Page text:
That Question: “Aren’t you glad your mother didn’t abort you?”

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That’s the question that anti-abortion folk think will trump all possible argument from a pro-choice person and leave them sputtering vainly. And given the onslaught against Planned Parenthood and any other access to abortion that American women are facing now, I thought I’d have a go at answering it.

Of course, one perk of being clinically depressed is that I can honestly answer that sometimes I do wish she had aborted me, which tends to leave the questioner the sputtering one (you can ignore that, it’s a bit morbid). But the thing is, even without the morbid part, the foetus me would never have known the difference, so the perspectives aren’t equal. Being aborted wouldn’t have taken anything away from me, because at that time, I didn’t have anything – at the time, there wasn’t really a “me” to have anything in the first place.

But if I’m glad I wasn’t aborted, that means NOTHING. Here’s why. The question is also phrased, “Aren’t you glad your mother was pro-life,” in the erroneous assumption that a pro-choice woman would always choose abortion. Truthfully, I don’t know where my mother stood on abortion when she was pregnant with me – it’s never seemed like quite the right time to ask. But she – yes – gave me life. And that doesn’t just refer to pregnancy and birth, but to the immunerable other things since then. For all of which I love her. And because of that love, the idea that she might not have had, or thought she had, the right to choose otherwise – that those nine months and all the years since are something she should have been forced into because of an accident (I do know I was an accident) – makes my heart ache. And the idea of forcing other women into the same makes my skin crawl.

Am I glad my mother didn’t abort me? Today, I am. Am I glad she was “pro-life?” I don’t know if she was. But if she was, and thought she had no choice – or was surrounded by enough people who were, to take her choice away from her – then no, that would not make me glad. I love her, and would rather have been aborted than have been the cause of either of those things.

Comments

  1. says

    What a great post! As the Republican assault on our reproductive rights intensifies, we will be faced with the need to deflect many of such ridiculous arguments coming from anti-abortionists. It’s especially appalling that they have the gall to call themselves pro-life in view of their recent attempts to legalize the murder of doctors in South Dakota, Nebraska and Iowa.

  2. says

    When I was a kid, I found a button of my mom’s that said, “Pro-Child, Pro-Choice.” I didn’t understand it for the longest time, in the simplistic way of the very young I thought it was a contradiction.

    Which is all to say I wish I could find a bumper sticker that says, Aren’t You Glad Your Mother Was Pro-Choice? :)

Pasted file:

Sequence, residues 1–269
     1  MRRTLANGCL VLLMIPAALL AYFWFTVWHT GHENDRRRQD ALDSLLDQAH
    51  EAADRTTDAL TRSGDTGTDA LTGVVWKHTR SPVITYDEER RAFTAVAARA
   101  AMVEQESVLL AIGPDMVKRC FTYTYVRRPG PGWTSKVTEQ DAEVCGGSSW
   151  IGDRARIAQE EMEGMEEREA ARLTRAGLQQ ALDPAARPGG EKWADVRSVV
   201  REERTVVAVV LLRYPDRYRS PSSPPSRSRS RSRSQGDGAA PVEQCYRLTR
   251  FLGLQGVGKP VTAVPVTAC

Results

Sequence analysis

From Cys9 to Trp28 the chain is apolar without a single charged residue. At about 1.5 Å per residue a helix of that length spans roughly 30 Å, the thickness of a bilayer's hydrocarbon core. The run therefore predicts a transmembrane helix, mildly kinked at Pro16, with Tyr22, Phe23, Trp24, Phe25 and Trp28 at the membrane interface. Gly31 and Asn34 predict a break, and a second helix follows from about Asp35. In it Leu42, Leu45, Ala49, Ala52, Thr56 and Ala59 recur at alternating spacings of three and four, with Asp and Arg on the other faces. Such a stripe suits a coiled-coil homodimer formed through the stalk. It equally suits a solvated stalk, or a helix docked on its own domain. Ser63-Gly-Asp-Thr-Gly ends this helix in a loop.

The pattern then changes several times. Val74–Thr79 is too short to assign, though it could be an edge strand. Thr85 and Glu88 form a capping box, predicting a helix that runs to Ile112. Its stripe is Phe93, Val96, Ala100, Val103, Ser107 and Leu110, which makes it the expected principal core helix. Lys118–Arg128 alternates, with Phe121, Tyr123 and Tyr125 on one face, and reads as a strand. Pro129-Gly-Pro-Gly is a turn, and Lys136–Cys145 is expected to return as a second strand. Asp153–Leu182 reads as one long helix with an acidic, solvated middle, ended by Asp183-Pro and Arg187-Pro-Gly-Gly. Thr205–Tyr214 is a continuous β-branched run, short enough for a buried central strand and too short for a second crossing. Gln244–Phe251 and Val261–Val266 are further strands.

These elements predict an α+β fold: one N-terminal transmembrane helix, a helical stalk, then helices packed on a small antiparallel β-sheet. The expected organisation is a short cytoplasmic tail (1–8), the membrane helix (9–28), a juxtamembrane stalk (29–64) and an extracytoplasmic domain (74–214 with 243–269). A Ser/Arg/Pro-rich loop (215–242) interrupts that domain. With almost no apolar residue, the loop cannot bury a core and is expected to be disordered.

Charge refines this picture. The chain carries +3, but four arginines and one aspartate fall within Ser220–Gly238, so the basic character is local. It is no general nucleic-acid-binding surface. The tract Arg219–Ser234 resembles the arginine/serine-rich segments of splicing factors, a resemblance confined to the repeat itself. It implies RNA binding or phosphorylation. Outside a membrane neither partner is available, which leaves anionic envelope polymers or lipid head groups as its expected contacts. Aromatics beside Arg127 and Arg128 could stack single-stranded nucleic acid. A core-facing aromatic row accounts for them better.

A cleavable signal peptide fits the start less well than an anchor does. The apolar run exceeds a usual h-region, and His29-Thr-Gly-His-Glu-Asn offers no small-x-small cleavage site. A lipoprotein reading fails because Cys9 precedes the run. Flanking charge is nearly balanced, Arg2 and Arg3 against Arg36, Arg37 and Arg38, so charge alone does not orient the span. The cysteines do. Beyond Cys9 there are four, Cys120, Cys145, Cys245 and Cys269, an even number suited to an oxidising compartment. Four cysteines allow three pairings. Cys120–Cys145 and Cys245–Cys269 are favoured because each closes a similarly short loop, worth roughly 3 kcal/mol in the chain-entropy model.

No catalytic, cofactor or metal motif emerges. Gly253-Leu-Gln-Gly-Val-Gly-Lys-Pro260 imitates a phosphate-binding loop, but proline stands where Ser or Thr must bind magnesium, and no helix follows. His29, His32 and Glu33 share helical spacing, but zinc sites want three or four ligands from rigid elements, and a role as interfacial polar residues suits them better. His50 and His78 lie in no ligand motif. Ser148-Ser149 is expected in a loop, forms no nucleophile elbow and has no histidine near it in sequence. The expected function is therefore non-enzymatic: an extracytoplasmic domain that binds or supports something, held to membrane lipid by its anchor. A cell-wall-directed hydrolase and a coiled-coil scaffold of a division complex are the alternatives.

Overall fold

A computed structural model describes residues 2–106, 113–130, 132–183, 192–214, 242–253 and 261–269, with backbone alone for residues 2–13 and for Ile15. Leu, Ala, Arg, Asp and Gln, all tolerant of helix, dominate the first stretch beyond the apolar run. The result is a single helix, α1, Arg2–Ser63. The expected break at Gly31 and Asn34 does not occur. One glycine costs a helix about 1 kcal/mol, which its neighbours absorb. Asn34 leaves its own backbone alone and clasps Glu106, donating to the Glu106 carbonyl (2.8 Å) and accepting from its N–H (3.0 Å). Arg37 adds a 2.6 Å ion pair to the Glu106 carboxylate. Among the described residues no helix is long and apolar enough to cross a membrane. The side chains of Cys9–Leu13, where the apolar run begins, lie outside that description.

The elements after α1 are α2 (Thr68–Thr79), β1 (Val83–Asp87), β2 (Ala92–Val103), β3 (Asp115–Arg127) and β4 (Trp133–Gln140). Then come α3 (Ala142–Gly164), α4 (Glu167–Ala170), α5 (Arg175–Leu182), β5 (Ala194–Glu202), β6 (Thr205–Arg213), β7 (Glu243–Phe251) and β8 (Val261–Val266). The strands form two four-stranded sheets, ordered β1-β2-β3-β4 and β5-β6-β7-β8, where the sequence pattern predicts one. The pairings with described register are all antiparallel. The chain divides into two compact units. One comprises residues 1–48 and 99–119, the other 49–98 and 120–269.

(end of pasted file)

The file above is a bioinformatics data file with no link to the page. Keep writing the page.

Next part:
3. says

    I was born in the 1950’s, less than 7 months after my parents’ wedding.

    My mother loved me and my (unplanned) brother, but she didn’t love *having* us. Sometimes, she felt that having me had almost ruined her life, and it certainly ruined the life she *wanted* to have. I know this because, as a child, I heard her say it.

    Because she and my father are extremely intelligent and more-than-normally self-aware, they were dogmatic in their insistence on birth control for the younger generation, and on how, of all the reasons for getting married, “being able to have sex” may be the worst. They strongly disapproved of early marriage, as well.

    My children can (and have) said, “I’m glad that my mother had me on purpose, because she *wanted* to and had planned on it.” They never, ever have to think of themselves as mistakes.

  4. DSimon says

    I tend to ask back: “How many siblings do you have? X? Well, do you mourn for the X+1th sibling that you didn’t end up having because your parents didn’t conceive one more time?”

    • Attackfish says

      I usually answer back when they ask me about the possibility of having been aborted, “Wow, aren’t you glad your parents had sex that night? What if one of your parents had to be out of town that week? phew, lucky break.”

    • cycles says

      And then there are the people who are alive today because their mothers DID have a previous abortion. Avoiding unwanted parenthood at a bad time in their lives allowed them to go on to have wanted children later.

  5. Attackfish says

    This question always makes me feel horribly uncomfortable, because my mom flat out told me a few years back that she would have aborted me had she known I had my illness. Mom and I both belong to the “safe, legal, and rare” camp, and it was a little hard to hear that. At the time, I was coming to terms with the unexpected sense of loss I felt over getting my tubes tied (I can conceive, but I can’t carry. My body reacts very violently to progesterone, which along with making any pregnancy deadly also means I can’t be on hormonal birth control. I’m also allergic to latex and petroleum, and chemical spermicide, which takes out barrier methods). I had known for years that I couldn’t have children, but planning the operation felt like giving up. And as liberal and steeped in queer and disability theory as I am, I still felt as if my femininity were somehow defective, because I would never give birth to my own children. I’d already known I was a surprise, and that my father had gone out and had a vasectomy as soon as my parents found out, but I’d also known how happy they were and how much they love me. It feels strange to know my mother would have aborted me not because she couldn’t take care of me, or because she didn’t want another child, but because she didn’t want to raise a child with disabilities. This is where my respect of the sovereignty of women over their own bodies and advocacy of women’s reproductive freedom meets my deep anger at the way our society treats people with disabilities as a little less human, and a little less worth life, tangles and falls down. I don’t want to see anyone forced to a fetus to term, but I hate knowing some of them are aborted because they would have grown into people with disabilities and for no other reason.